Supporting Public and Private Sector Decision

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Transcript Supporting Public and Private Sector Decision

Making the Case for Ecosystem-Based Approaches to Adaptation

P L A N N I N G F O R C O M P O N E N T 4 O F E B A

EBA in Mountain Ecosystems

Components Lead Agency 1. Development of methodologies and tools for EbA decision-making in mountain ecosystems 2. Application of methodologies and tools at ecosystem level 3. Implementation of EbA pilots at ecosystem level 4. Development of business case for EbA at the national level


Making the case for EBA

What do we want to do?

We want to make the case to government to: a.

use EBA approaches as part of the suite of options to manage climate risk effectively in mountain



enhance enabling environments for scaling- up EBA more broadly as part of climate risk management strategies

How can we do this?


Assess costs and benefits of EBA options in key sectors in mountain regions (including evidence from sites) 2.



Produce policy papers that guide strategies and resource allocation in sectors Make the case to government through steering committee Develop and complete a

Policy and Financing

Framework for EBA scale-up beyond mountain regions – identify opportunities to intervene

Experience from other areas of UNDP’s work


Catalyzing Adaptation Finance in developing countries 2.

Costing the gap: Investment and Financial Flows 3.

Capacity building: Training on cost–benefit analysis 4.

Climate Change Public Expenditure Review 5.

EBA: Making the case to government

1. Catalyzing adaptation finance in developing countries

Catalyzing Adaptation Finance

UNDP-GEF Services to Catalyze Adaptation Finance

(a) (b) (c) Enhance the capacity of

policy makers to identify appropriate mix of public instruments including public finance to catalyze larger private investments

Create an enabling

environment including national/sub-national/ sectoral policy frameworks, domestic technical expertize, financing channels, and administrative procedures

(I) Assist Governments (e.g. through national adaptation plans) to identify priorities from perspective of: (a) preserving existing infrastructure, businesses and livelihoods; (b) new business opportunities (c) no regret options (II) to identify barriers to priority investments (III) identify risks generated by these barriers that prevent the requisite investment (IV) what are the de-risking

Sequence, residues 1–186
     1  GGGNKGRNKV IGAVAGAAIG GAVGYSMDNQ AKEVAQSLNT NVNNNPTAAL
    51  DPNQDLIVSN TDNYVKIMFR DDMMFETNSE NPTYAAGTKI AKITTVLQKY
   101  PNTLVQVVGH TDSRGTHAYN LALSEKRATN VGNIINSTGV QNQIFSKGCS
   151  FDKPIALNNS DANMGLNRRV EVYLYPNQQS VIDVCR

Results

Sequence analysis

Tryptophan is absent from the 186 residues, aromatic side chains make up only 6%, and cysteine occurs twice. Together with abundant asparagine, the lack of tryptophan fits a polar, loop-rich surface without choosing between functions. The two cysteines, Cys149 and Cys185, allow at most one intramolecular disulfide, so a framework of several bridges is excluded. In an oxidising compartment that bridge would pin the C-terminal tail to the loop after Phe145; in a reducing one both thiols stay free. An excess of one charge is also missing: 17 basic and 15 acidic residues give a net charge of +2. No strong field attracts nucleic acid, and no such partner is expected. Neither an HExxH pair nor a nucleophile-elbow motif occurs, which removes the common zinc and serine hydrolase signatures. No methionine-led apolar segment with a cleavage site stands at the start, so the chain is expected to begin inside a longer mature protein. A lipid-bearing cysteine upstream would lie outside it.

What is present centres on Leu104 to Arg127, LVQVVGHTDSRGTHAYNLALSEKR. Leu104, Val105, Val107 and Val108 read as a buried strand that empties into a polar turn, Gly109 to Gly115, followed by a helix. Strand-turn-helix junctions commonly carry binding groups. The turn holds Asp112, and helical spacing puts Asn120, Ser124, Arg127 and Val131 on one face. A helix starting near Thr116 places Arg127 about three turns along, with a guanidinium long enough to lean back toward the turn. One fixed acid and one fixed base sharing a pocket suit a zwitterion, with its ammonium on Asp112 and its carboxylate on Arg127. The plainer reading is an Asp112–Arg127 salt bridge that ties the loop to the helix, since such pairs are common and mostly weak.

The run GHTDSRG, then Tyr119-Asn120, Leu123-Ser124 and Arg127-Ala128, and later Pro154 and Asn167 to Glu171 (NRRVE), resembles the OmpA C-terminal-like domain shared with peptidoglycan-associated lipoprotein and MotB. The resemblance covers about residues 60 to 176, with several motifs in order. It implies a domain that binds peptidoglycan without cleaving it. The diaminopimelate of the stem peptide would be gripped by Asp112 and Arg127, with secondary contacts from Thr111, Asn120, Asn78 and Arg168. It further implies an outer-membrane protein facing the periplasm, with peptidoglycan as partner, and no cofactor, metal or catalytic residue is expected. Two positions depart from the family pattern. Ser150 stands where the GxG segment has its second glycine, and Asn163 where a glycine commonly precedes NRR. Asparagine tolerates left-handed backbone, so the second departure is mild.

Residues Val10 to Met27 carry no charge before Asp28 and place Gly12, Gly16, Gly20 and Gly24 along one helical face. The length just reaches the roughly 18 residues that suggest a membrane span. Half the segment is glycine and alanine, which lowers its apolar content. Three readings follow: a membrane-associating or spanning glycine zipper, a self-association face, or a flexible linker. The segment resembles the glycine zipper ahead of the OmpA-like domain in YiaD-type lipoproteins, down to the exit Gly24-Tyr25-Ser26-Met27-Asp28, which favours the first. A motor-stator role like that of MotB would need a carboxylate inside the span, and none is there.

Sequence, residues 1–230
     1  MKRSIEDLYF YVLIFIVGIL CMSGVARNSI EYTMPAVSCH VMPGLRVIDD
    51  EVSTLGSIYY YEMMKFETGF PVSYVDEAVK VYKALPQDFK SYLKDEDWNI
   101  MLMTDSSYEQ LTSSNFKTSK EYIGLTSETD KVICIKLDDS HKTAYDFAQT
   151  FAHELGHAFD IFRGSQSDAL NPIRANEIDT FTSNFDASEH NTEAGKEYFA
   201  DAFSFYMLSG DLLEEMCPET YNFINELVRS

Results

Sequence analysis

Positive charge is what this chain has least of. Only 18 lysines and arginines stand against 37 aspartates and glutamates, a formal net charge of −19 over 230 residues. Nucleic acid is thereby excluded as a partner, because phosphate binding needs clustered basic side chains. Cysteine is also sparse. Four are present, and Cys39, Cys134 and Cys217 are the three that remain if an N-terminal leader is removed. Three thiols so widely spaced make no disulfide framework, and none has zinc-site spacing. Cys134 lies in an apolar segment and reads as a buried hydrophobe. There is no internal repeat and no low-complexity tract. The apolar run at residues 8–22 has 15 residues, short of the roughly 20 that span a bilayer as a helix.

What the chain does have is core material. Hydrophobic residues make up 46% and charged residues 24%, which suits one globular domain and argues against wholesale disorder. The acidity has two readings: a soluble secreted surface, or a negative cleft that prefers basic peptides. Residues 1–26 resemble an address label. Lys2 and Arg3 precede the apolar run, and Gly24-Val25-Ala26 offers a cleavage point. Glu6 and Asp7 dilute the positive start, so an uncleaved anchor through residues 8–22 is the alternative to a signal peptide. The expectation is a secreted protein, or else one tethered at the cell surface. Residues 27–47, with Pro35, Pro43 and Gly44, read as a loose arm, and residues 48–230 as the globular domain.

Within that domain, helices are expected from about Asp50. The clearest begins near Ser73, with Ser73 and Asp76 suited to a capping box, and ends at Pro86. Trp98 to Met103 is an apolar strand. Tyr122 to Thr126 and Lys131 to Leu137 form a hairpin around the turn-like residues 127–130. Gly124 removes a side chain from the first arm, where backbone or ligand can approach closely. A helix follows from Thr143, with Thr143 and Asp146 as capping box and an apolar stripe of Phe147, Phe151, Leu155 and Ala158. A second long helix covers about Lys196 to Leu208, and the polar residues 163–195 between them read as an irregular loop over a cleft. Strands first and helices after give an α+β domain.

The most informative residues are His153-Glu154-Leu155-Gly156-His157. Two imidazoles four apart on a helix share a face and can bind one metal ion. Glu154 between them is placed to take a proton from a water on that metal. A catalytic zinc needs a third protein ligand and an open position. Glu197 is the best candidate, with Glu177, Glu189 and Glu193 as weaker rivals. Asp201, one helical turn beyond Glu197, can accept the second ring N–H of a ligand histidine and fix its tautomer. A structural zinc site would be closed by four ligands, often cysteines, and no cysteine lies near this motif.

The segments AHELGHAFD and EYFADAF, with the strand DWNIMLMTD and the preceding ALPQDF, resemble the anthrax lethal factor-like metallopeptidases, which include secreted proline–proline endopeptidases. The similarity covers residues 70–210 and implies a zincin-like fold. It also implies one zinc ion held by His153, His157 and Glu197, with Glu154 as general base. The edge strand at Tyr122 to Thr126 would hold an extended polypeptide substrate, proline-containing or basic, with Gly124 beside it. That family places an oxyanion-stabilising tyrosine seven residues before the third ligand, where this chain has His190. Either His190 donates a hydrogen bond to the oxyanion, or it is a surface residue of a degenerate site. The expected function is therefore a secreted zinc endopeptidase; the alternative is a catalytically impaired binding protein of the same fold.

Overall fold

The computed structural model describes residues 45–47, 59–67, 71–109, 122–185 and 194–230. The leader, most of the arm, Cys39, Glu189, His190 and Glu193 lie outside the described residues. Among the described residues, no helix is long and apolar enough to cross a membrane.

Attract innovative finance

to provide additional financial incentives

(V) What are source of finance to support de-risking strategy

In support of inclusive and green growth, reduction of inequalities via Green, Low Emission Climate Resilient Development

Private sector increasingly important

 The main drivers of private sector investment will be: •

Preserving existing infrastructure, businesses and livelihoods

(E.g. SMEs currently engaged in rural agri-businesses, climate resilient infrastructure)

Developing new businesses

(E.g. business diversification such new microfinance/insurance products, off-farm employment in new markets, mobile phone operators and climate information dissemination)

No-regret investments (adaptation is an ancillary benefit)

(E.g. coastal communities develop mangrove belts increase incomes and meet energy needs and protects shorelines from expected coastal hazards (storm surges, etc.)

2. Costing the gap: Investment and Financial Flows

“Bottom-up” quantification of costs

Country-level baseline and reference scenario costs for sectoral adaptation through to 2030

16 countries

Bangladesh, Colombia, Costa Rica, Dominican Republic, Ecuador, Gambia, Honduras, Liberia, Namibia, Niger, Paraguay, Peru, Togo, Turkmenistan, Uruguay 

39 I&FF assessments

completed since 2008

Examples from Costa Rica